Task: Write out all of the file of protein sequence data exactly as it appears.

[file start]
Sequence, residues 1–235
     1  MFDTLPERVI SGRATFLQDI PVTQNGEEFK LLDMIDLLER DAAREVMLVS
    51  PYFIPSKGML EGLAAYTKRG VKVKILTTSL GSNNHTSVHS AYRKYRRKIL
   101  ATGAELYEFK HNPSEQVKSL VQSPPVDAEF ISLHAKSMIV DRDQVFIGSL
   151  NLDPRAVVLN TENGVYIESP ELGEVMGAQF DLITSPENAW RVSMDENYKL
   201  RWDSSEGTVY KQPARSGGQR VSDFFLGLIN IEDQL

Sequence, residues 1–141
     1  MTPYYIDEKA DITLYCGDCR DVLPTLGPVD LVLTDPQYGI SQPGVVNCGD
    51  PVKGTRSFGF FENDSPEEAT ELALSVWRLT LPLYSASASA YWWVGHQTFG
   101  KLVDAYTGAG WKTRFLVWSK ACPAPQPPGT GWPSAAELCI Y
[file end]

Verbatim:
Sequence, residues 1–235
     1  MFDTLPERVI SGRATFLQDI PVTQNGEEFK LLDMIDLLER DAAREVMLVS
    51  PYFIPSKGML EGLAAYTKRG VKVKILTTSL GSNNHTSVHS AYRKYRRKIL
   101  ATGAELYEFK HNPSEQVKSL VQSPPVDAEF ISLHAKSMIV DRDQVFIGSL
   151  NLDPRAVVLN TENGVYIESP ELGEVMGAQF DLITSPENAW RVSMDENYKL
   201  RWDSSEGTVY KQPARSGGQR VSDFFLGLIN IEDQL

Sequence, residues 1–141
     1  MTPYYIDEKA DITLYCGDCR DVLPTLGPVD LVLTDPQYGI SQPGVVNCGD
    51  PVKGTRSFGF FENDSPEEAT ELALSVWRLT LPLYSASASA YWWVGHQTFG
   101  KLVDAYTGAG WKTRFLVWSK ACPAPQPPGT GWPSAAELCI Y